Managing complex multiorgan surgery with multidisciplinary colleagues
Read more
Combining expertise and the latest techniques to ensure best patient outcomes
Read more
Serving both public and private patients at a range of hospitals
Read more
Expert in all aspects of colorectal and general surgery
Read more


What are gallstones?

Gallstones are formed in the gallbladder. They are made up of bile salts and cholesterol. They a caused by the gallbladder concentrating the bile so much that crystals form. These crystals coalesce to form stones.

What is a gallbladder?

The gallbladder is a small sac that collects and concentrates bile which is made in the liver. The gallbladder contracts after eating fatty food to release bile into the gut to help dissolve the fat. The gallbladder is just below the liver just under the rib cage on the right.

What is bile?

Bile is a green fluid that contains bile salts and acids that act as a detergent and dissolves fat. Bile is made in the liver  (not the gallbladder). The liver makes up to 300mls of bile a day and most of it goes straight into the gut via the bile ducts. A small amount goes into the gallbladder where it is concentrated.

Who gets gallstones?

Anyone can get gallstones but certain people are more at risk. Females over the age of 40 and especially if they have children are more susceptible. Pregnancy is a specific risk factor. Diet plays a role and the disease is more common in higher fat diets. There is often a family history of gallstones.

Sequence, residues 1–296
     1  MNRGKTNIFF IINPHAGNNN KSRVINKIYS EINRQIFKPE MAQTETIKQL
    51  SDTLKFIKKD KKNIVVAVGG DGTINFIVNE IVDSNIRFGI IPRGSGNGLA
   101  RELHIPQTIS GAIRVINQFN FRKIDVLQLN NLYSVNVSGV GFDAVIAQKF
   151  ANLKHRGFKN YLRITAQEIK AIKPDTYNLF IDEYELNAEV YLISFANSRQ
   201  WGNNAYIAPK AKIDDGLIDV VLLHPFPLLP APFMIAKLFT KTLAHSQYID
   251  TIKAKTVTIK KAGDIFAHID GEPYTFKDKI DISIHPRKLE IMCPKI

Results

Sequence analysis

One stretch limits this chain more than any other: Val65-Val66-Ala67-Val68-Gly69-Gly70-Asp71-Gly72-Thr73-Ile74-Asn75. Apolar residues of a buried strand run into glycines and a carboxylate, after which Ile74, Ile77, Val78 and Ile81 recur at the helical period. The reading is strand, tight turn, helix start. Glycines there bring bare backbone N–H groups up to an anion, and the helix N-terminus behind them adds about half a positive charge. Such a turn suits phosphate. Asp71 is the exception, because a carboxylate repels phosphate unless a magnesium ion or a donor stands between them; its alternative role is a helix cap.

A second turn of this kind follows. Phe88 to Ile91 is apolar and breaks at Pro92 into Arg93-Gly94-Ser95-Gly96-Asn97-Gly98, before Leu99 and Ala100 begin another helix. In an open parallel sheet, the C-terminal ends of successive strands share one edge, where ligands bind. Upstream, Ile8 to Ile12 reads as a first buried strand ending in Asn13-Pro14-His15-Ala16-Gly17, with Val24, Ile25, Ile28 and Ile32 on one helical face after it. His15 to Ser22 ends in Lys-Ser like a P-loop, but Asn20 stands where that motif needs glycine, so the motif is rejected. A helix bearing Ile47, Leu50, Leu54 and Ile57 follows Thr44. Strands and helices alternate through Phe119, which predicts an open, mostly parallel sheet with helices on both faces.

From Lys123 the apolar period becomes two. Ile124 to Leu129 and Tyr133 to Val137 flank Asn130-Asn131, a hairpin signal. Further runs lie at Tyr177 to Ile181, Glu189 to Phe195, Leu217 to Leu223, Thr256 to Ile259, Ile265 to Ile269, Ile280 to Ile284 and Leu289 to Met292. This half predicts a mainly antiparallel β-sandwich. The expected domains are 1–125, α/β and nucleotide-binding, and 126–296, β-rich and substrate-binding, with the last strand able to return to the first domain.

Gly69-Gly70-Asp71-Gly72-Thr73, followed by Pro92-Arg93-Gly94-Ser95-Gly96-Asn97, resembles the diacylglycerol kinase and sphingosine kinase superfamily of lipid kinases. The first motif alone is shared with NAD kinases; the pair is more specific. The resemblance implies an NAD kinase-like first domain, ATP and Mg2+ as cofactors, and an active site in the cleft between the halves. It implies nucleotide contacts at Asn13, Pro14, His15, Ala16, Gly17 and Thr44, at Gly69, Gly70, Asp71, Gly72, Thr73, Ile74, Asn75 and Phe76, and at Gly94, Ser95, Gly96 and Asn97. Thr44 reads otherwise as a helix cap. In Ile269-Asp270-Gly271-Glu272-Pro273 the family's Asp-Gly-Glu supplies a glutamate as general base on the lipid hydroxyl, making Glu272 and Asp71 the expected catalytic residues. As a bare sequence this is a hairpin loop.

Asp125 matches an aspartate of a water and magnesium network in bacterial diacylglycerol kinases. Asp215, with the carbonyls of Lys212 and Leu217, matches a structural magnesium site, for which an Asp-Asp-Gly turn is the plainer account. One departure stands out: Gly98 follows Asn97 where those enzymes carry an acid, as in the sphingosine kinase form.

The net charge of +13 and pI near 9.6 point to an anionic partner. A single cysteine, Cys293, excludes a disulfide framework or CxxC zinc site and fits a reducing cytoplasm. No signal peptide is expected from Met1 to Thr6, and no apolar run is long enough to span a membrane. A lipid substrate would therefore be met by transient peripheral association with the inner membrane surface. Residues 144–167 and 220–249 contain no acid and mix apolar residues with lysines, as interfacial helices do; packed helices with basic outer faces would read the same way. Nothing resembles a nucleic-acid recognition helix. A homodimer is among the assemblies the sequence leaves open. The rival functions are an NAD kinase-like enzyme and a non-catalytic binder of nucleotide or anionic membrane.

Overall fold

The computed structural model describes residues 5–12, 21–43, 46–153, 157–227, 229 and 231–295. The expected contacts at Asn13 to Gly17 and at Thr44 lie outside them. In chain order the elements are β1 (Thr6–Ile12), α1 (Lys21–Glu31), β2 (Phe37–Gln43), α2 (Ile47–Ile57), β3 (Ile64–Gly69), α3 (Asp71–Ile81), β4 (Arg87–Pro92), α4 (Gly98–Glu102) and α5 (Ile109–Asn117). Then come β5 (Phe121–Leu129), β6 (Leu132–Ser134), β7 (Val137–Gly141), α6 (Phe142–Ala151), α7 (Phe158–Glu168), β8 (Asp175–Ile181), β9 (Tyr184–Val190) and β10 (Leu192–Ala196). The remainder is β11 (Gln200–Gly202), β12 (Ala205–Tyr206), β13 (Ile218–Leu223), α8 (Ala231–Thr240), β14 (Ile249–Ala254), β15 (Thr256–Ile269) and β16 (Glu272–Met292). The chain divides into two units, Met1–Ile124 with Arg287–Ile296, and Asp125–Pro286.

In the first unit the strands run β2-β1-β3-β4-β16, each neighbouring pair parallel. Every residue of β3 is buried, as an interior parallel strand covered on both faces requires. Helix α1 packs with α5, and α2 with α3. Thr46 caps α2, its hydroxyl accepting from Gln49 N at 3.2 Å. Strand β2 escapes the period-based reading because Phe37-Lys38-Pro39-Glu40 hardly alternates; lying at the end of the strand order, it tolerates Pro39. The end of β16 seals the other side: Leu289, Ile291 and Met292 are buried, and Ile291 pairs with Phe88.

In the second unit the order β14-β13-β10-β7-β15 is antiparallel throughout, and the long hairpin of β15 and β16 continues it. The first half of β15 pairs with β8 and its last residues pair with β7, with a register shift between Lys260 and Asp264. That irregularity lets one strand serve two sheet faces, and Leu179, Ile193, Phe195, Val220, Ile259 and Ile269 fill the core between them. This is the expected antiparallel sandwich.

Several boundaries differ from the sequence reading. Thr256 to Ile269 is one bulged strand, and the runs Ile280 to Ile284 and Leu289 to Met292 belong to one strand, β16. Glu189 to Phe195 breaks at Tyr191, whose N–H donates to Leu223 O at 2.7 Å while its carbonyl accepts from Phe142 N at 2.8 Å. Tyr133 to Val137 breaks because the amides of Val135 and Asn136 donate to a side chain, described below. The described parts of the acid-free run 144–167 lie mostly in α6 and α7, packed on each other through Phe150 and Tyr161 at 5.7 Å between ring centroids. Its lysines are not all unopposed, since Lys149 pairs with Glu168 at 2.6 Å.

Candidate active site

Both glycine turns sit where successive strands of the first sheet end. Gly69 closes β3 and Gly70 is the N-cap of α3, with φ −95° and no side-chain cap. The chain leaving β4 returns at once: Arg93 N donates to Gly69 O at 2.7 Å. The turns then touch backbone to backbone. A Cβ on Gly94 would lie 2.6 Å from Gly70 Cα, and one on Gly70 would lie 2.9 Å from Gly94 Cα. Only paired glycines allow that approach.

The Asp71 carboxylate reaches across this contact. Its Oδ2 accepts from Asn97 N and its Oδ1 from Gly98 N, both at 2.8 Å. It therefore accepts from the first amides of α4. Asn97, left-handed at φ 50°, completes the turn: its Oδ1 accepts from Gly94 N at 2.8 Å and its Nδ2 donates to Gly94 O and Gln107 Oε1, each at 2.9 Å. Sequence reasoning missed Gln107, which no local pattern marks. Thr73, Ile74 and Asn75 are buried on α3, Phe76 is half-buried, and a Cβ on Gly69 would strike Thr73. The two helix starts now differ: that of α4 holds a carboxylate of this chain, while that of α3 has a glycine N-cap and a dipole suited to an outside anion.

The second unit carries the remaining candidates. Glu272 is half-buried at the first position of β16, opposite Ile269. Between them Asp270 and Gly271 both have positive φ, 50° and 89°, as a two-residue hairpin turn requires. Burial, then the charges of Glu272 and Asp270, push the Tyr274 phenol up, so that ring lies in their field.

What symptoms are caused by gallstones?

  • Nothing: most gallstones are asymptomatic. A significant number of people have gallstones without ever having symptoms. Up to 40% of the population have stones. About 1% will develop symptoms every year.
  • Biliary colic: typically there is pain in the abdomen just below the ribs on the right side (right upper quadrant) and in the midline (epigastric). Sometimes the pain radiates to the back. Often there is nausea and vomiting. It can be brought on with a fatty meal. The pain begins 30 minutes or so after eating, reaches a plateau over the next hour and then lasts a few hours before improving.
  • Acute cholecystitis: The pain is more severe due to infection of the gallbladder. Often patients have a history of biliary colic only now the pain does not settle and becomes worse. Antibiotics are required.
  • Chronic cholecysytits: Repeated attacks of biliary colic and acute cholecystitis leaves the gallbladder thickened and poorly functioning. Surgery is required.
  • Cholangitis: the gallstones can escape the gallbladder and cause inflammation in the bile ducts. This causes severe infection and jaundice. Urgent treatment is required.
  • Pancreatitis: the gallstone can obstruct the pancreas and cause inflammation. Urgent treatment is required.
  • Gallbladder cancer: gallstones are a risk factor for cancer. Gallbladder cancer is very rare but very serious.
  • Bowel obstruction: sometimes the inflamed gallbladder erodes into the bowel and a large stone can escape into the bowel and cause obstruction. Surgery is required if the stone does not pass.

What investigations are required?

Ultrasound is the best imaging technique to examine the gallbladder for gallstones. Other imaging techniques such CT and nuclear imaging are sometimes used.

When is treatment required?

Asymptomatic gallstones only very rarely require surgery. Once any symptoms develop a cholecystectomy  (removal of the gallbladder) is recommended. A low fat diet may prevent recurrent attacks.

Other treatments are sometimes required if the stones escape the gallbladder into the bile or pancreatic ducts.

Scroll to Top